As a Neuromuscular Therapist, how do I think about chronic headache pain?
If medical reasons for headaches have been ruled out, the cause is probably muscular Trigger Points. Examining the muscles in the neck and shoulders usually turns up at least one cause. But finding unhealthy muscles with Trigger Points is only targeting the symptoms. The root cause is the puzzle to figure out. Why are the muscles so tight that they have developed Trigger Points in the first place? Outside of the realm of medical problems, the four most common initiators of headache pain from the muscles are stress, posture, structural asymmetries and TMJ dysfunction.
Stress can quickly cause muscle tension. Think of the startle position of an infant with the shoulders and arms raised. It’s an instinctive muscle reaction. Maybe think of yourself as a turtle going into its shell to avoid something disturbing. Chronic stress causes chronic tension.
Posture is a big contributor to muscle tension. Our relaxed American posture is slumped with the head forward. If you kept your head in that position and straightened your back, you’d find yourself looking at the sky! When your head is forward, gravity acts on it, increasing its weight and therefor the work the muscles have to do to hold it up.
Structural asymmetries like a scoliosis or a lower limb length inequality (LLLI) can tilt the shoulder girdle resulting in one-sided neck and shoulder tension. If corrections aren’t made to a structural imbalance, the resulting tension in the muscles can produce Trigger Points that can cause headaches.
TMJ (temperomandibular joint) dysfunction frequently causes headaches. The jaw is a moveable joint controlled by muscles. When there is misalignment in the jaw it can fire off the nerves in the joint and cause pain. The misalignment can also cause muscle tension that can lead to Trigger Points. The illustrations are for the Trigger Points from the masseter, lateral pterygoid and temporalis muscles of the jaw.
Trigger Points: Of the many muscles in the neck that can cause headaches, the suboccipitals, upper trapezius, splenius and SCM (sternocleidomastoid) are the most frequent culprits. Treatment of these muscles to reduce Trigger Point activity can help immediately. However, perpetuating factors like stress, posture, sleeping habits, TMJ and uncorrected structural imbalances can bring the headaches back.
Also consider these three things: The younger you are the more quickly you’ll recover. The longer your headaches have persisted, the longer it will take to get relief. If you have had more than two accidents involving your neck, it will be more difficult to get well.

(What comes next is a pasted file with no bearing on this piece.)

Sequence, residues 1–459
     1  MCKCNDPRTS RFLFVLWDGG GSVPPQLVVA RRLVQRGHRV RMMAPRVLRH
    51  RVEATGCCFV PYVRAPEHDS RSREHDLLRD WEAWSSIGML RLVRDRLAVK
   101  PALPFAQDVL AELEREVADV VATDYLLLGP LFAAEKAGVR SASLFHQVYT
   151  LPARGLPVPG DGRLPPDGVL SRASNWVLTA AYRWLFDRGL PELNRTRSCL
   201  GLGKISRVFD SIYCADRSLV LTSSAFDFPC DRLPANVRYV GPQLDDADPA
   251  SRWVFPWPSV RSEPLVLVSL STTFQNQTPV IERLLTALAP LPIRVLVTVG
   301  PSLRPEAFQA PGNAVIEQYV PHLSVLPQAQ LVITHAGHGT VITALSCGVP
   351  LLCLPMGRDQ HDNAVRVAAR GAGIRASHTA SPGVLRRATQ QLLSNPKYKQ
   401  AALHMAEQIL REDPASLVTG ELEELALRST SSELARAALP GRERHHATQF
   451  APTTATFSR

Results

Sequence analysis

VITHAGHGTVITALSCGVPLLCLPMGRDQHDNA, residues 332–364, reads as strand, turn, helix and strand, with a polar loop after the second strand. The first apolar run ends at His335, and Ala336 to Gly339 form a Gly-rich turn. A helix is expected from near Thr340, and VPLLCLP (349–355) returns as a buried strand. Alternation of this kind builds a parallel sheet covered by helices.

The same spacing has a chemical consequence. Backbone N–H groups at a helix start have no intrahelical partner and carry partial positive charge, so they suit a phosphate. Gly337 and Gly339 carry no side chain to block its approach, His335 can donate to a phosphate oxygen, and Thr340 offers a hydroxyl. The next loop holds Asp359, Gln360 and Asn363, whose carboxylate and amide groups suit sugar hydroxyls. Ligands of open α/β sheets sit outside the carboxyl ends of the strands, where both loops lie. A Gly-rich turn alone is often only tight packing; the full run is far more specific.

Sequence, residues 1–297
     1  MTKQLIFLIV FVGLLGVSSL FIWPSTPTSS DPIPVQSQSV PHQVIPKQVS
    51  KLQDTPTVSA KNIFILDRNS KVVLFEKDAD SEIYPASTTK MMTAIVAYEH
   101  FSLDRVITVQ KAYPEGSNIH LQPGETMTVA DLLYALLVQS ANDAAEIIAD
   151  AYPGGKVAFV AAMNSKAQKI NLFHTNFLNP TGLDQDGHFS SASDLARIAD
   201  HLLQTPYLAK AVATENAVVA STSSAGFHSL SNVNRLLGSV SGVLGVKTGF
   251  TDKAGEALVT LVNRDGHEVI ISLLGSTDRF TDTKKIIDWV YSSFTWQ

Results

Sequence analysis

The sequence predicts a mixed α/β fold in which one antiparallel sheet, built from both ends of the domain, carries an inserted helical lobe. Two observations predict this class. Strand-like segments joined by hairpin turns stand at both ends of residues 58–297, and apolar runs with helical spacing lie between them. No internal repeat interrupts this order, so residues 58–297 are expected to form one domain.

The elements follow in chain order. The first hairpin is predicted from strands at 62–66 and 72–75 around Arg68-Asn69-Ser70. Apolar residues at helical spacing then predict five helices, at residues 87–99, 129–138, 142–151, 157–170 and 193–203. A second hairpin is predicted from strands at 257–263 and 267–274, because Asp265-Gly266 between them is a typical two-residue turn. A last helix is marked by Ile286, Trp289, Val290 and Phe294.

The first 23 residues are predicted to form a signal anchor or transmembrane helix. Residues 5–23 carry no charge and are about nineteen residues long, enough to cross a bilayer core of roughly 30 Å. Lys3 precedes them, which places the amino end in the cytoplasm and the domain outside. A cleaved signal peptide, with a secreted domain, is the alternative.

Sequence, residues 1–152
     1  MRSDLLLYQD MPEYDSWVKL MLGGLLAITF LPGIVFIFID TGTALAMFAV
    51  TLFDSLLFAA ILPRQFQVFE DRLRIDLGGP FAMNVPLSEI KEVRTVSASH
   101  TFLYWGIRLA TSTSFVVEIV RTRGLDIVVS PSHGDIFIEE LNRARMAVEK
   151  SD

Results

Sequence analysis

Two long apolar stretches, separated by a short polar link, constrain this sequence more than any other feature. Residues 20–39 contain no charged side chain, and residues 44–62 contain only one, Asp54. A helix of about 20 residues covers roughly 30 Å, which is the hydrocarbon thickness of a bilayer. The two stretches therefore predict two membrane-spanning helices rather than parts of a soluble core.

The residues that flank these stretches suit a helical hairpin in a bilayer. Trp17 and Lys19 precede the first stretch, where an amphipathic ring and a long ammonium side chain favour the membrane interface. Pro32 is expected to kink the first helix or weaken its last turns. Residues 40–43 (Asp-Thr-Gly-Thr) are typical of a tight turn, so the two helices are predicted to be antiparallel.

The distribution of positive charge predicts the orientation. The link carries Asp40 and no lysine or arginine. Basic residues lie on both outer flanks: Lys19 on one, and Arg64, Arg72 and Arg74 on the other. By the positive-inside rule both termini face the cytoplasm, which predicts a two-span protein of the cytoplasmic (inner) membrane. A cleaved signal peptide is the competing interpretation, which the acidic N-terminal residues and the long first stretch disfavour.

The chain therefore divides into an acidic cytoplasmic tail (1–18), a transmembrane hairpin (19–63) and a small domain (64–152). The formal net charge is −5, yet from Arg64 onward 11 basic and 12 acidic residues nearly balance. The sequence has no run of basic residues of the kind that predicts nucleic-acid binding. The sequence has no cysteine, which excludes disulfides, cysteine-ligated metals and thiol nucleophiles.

2 Replies to “Chronic headache pain: A Neuromuscular Therapy point of view”
Helo i sometimes have anxiety nd feeling pain on top of my head down to the neck …..Can you pls help
Hello, There are only two muscles harboring Trigger Points that refer to the top of the head (called the Vertex). The Sternocleidomastoid (SCM) attaches behind your ears to the mastoid process (a bone) and runs in two bands down to the sternum (breastbone) and the clavicle (collar bone). The Splenius Capitis attaches to the occiput (the bone at the base of the skull) right next to the attachment of the SCM and travels down to the upper spine attaching to the lowest of the cervical and uppermost of the thoracic vertebrae. The Splenius has a companion muscle, the Splenius Cervicis which attaches to the bones at the side of the neck (transverse processes) and continue the attachments of the Capitis lower on the thoracic spine.
Both Splenius muscles turn and tilt your head backward, so think about what you do with your head in that position. The Cervicis would also give you pain in the neck and at the angle of the shoulder and pain through your head to behind your eye.The SCM turns your head and keeps it from falling backward (stabilizer) and is a major cause of head and face pain.
Pressing on or compressing these muscles for several seconds helps to release the tension and relieve the headaches.
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